Forebrain ependymal cells are Notch-dependent and generate neuroblasts and astrocytes after stroke

Abstract

Neurons are continuously generated from stem cells in discrete regions in the adult mammalian brain. We found that ependymal cells lining the lateral ventricles were quiescent and did not contribute to adult neurogenesis under normal conditions in mice but instead gave rise to neuroblasts and astrocytes in response to stroke. Ependymal cell quiescence was actively maintained by canonical Notch signaling. Inhibition of this pathway in uninjured animals allowed ependymal cells to enter the cell cycle and produce olfactory bulb neurons, whereas forced Notch signaling was sufficient to block the ependymal cell response to stroke. Ependymal cells were depleted by stroke and failed to self-renew sufficiently to maintain their own population. Thus, although ependymal cells act as primary cells in the neural lineage to produce neurons and glial cells after stroke, they do not fulfill defining criteria for stem cells under these conditions and instead serve as a reservoir that is recruited by injury.

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Figure 1: Ependymal cells generate neuroblasts and astrocytes in response to stroke.
Figure 2: Ependymal cell loss after stroke is inhibited by constitutive Notch signaling.
Figure 3: The Notch signaling pathway in the adult lateral ventricle wall stem cell niche.
Figure 4: Canonical Notch signaling maintains ependymal phenotype.
Figure 5: RBP-J is required for ependymal cell maintenance.
Figure 6: Proliferation of ependymal cell progeny in the absence of RBP-J.
Figure 7: Ependymal cells generate neuroblasts after RBP-J deletion.
Figure 8: Ependymal cells give rise to olfactory bulb neurons after RBP-J deletion.

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Acknowledgements

We are grateful to U. Lendahl, O. Hermanson, A. Simon and members of the Frisén laboratory for valuable discussions; L. Ostrowski for the Foxj1 promoter construct; T. Li for antibodies to Crocc; U. Lendahl for N1IC and 12× Rbpj-dsgfp cDNA; O. Bergmann for virus injections; and M-L. Spångberg and K. Hamrin for technical assistance. This study was supported by grants from the Swedish Research Council, the Swedish Cancer Society, the Foundation for Strategic Research, the Juvenile Diabetes Research Foundation, the Karolinska Institute, Tobias Stiftelsen and the European Commission Framework VI Programme, EuroStemCell and StemStroke. M.C. and E.E. are supported by postdoctoral fellowships from the Swedish Brain Foundation (Hjärnfonden), C.G. by a postdoctoral fellowship from the Wenner-Gren Foundation and F.B.-H. by postdoctoral fellowships from the Canadian Institutes of Health Research and the Christopher and Dana Reeve Foundation.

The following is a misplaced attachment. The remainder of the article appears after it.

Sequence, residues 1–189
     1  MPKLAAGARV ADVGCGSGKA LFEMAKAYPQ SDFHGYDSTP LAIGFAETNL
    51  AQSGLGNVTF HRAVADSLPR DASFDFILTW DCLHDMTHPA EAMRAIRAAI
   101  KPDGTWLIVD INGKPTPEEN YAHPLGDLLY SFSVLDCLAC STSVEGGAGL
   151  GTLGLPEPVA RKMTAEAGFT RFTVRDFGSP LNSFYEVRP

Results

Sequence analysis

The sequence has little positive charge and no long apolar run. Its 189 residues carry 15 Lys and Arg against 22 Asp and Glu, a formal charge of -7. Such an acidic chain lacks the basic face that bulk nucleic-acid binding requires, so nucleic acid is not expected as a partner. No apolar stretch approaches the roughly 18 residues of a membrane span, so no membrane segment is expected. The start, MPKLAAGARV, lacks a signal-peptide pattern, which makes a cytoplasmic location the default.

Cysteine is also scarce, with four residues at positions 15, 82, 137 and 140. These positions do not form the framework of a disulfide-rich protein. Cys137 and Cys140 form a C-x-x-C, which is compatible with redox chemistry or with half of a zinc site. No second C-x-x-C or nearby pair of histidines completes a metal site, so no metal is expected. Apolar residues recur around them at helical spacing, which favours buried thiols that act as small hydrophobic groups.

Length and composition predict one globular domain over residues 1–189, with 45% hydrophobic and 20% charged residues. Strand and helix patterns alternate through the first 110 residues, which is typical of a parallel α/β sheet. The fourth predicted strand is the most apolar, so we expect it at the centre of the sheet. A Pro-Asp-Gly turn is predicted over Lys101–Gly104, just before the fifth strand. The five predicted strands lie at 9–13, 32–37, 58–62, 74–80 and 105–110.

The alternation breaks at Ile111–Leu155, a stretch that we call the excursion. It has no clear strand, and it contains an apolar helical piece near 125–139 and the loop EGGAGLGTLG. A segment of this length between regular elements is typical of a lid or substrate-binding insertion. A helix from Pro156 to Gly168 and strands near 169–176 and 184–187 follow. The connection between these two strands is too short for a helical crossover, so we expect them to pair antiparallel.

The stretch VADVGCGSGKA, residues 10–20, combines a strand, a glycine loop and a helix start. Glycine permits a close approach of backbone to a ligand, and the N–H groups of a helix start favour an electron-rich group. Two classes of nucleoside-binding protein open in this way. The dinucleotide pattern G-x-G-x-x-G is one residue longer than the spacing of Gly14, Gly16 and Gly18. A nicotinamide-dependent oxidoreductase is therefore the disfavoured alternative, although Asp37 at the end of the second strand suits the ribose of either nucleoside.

Author information

M.C. and K.M. designed the study, carried out viral injections, analyzed and documented the Rbpj ablation and stroke experiments and wrote the paper. C.G. carried out viral injections and analyzed and documented the stroke experiments. V.D. conducted the stroke experiments. E.E. performed ultrastructural analyses. K.T. helped with the initial Rbpj ablation experiments. M.A. produced lentivirus. F.B.-H. carried out electroporation. M.S.Y.Y. contributed to the documentation of neuronal maturation in the olfactory bulb. L.N. supervised the lentivirus production. T.H. provided conditional Rbjp mice. Z.K. designed and analyzed the stroke experiments. O.S. designed and performed the ultrastructural analyses. R.M.C. initiated the study, carried out viral injections, analyzed and documented the Rbpj ablation experiments and the expression of components of the Notch pathway. O.L. designed and supervised the stroke experiments and wrote the paper. J.F. designed and supervised the study and wrote the paper.

Correspondence to Jonas Frisén.

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Carlén, M., Meletis, K., Göritz, C. et al. Forebrain ependymal cells are Notch-dependent and generate neuroblasts and astrocytes after stroke. Nat Neurosci 12, 259–267 (2009). https://doi.org/10.1038/nn.2268

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